Nurses have a tough job. They wear many hats and answer to a host of people, such as doctors, administrators, nurse supervisors, patients, and concerned families and loved ones. Nurses also have numerous duties beyond the basic care of their patients. They must review patient conditions and treatment plans with doctors, administer medicine, coordinate tests, schedule therapies, monitor patient vital signs, and hold the hands of patients and their families, serving as a source of knowledge and strength. Obviously, the work of a nurse is vital in the treatment and care of patients. They’re lifesavers.
But these supermen and superwomen are only mortal. They get aches and pains. They get irritable. And they get stressed. One cause of that stress is alarm fatigue.
The American Association of Critical Care Nurses defines alarm fatigue as “a sensory overload that occurs when clinicians are exposed to an excessive number of alarms, which can result in desensitization to alarm sounds and an increased rate of missed alarms.”
Overwhelmed nurses who ignore or delay in reacting to alarms can cause patient injury and death. The incessant beeping of medication pumps, IV drips, monitors, ventilators, vital sign machines, and feeding tubes go with the territory of being a nurse. It’s especially rough in the intensive care unit. In the last three decades, the number of medical devices that have alarms has grown from less than a dozen to around 40, reports The Washington Post.
Jumping to react to an alarm in a patient’s room can be exhausting. There’s a surge of adrenaline that hits a nurse each time he or she hears that beep or bell, knowing that they must swing into action in what could be a life or death situation. When that alarm is false, there’s a let down and relief. This causes cycles of stress, anxiety, and fatigue.
Studies show that 72% to 99% of all patient monitoring alarms are false. This causes alarm fatigue. As a result, these high tech machines that are designed to alert nurses to trouble may sometimes be ignored. When a nurse assumes that an alarm is false, it places patients in danger and can lead to medical mistakes.
With almost all of these alarms proving to be false, nurses frequently have been found to do the following:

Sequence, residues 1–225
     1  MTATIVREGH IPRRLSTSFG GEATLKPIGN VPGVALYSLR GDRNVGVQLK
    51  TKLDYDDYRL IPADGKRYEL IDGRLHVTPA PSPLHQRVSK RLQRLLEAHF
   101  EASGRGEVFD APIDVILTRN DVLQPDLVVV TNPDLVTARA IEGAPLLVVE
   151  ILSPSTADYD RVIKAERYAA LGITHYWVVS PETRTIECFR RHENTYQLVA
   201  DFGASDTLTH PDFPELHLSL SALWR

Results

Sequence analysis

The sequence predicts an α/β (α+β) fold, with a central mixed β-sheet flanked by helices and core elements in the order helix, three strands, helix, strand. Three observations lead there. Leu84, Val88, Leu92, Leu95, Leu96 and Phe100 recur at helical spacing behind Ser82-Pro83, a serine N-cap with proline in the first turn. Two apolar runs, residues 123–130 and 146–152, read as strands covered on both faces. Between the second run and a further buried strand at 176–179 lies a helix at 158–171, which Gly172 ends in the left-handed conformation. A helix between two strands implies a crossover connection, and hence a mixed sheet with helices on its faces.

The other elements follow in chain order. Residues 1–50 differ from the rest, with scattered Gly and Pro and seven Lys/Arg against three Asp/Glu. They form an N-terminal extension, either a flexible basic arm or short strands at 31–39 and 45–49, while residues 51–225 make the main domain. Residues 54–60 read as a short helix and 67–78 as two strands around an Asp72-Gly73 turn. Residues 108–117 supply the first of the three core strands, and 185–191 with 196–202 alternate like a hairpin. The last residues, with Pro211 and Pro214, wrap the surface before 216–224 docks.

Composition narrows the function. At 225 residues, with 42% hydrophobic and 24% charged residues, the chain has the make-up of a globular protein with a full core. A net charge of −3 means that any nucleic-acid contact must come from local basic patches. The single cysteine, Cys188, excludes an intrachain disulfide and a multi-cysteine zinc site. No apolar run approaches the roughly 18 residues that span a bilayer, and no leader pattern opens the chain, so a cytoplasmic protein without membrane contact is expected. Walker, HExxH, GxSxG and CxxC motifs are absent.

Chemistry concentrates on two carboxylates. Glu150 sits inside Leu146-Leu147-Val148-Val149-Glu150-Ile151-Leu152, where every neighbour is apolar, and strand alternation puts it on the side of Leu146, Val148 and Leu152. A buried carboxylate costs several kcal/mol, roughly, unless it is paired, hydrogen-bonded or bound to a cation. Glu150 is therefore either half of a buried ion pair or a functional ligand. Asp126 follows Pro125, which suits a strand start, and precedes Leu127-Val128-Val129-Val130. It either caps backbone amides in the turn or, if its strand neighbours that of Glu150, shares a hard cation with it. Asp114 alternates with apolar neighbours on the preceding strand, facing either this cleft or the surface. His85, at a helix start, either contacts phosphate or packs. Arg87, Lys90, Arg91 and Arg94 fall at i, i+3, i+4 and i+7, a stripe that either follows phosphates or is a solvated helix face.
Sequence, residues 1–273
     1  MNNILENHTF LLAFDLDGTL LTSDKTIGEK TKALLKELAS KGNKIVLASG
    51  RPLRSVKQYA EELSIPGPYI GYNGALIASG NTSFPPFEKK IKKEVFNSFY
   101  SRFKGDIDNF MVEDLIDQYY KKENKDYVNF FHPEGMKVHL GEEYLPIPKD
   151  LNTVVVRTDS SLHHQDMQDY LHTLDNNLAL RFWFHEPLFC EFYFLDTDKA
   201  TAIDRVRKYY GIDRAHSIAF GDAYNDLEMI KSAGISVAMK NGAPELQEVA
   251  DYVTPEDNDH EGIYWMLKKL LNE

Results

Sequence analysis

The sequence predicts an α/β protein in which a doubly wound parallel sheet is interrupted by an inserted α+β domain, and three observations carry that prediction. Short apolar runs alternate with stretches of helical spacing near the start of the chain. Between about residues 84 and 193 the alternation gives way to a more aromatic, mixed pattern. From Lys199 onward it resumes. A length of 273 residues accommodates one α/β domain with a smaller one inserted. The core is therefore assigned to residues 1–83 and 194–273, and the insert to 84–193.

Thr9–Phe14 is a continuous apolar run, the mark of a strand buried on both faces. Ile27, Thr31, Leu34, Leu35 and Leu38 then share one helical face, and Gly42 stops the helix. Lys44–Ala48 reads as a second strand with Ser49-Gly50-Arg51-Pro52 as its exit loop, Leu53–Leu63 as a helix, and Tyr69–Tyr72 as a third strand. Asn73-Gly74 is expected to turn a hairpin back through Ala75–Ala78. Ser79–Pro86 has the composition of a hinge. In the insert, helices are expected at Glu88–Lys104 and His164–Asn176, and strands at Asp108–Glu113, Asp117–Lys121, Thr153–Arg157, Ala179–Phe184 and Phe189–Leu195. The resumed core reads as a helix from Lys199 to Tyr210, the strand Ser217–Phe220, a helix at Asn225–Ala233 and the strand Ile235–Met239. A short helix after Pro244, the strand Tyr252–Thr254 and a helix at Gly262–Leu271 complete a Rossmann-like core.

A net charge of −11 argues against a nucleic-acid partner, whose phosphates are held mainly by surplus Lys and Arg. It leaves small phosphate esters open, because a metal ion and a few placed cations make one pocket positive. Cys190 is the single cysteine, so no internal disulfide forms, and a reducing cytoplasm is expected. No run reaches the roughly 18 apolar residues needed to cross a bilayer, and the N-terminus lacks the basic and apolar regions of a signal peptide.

These actions have resulted in added trauma, missed diagnoses, false and inaccurate readings, falls, poor quality and lack of care and treatment, and deaths of patients.
The Food and Drug Administration (FDA) found more than 560 alarm-related deaths in the U.S. between 2005 and 2008. And from January 2009 to June 2012, U.S. hospitals saw 80 deaths and 13 severe injuries linked to alarms. Alarm fatigue is a real threat to quality patient care.
While hospitals and nurse associations are finding ways to reduce false alarms, alarm fatigue is still a serious concern in hospitals around the country and here in Michigan.
Failing to respond to a patient alarm is a clear breach of duty on the part of hospital staff. As a result, a patient or his or her family may have a claim for negligence and medical malpractice against the hospital, nurses, and other staff.
To recover on a claim of medical malpractice, an injured patient must show that the physician, nurse, or hospital acted negligently in providing care, and that this negligence caused his or her injury. These four legal elements must be proven:
If you or a loved one has suffered harm due to nurses or other hospital staff ignoring an alarm or not urgently responding to a patient alarm, you should speak with an alarm fatigue attorney at Buchanan Firm.
For a free consultation with an experienced Grand Rapids personal injury attorney, contact Buchanan Firm. We can discuss your situation if you believe you’ve been serious injured as the result of alarm fatigue.
Our firm proudly serves people all across Michigan, including major cities like Grand Rapids, Muskegon, Detroit, Lansing, Holland, St. Joe, and Ann Arbor, and rural towns such as Lowell, Ada, Fremont, Newaygo, Grand Haven, Rockford, and Cedar Springs. We will meet you after-hours, at home or in the hospital to accommodate you.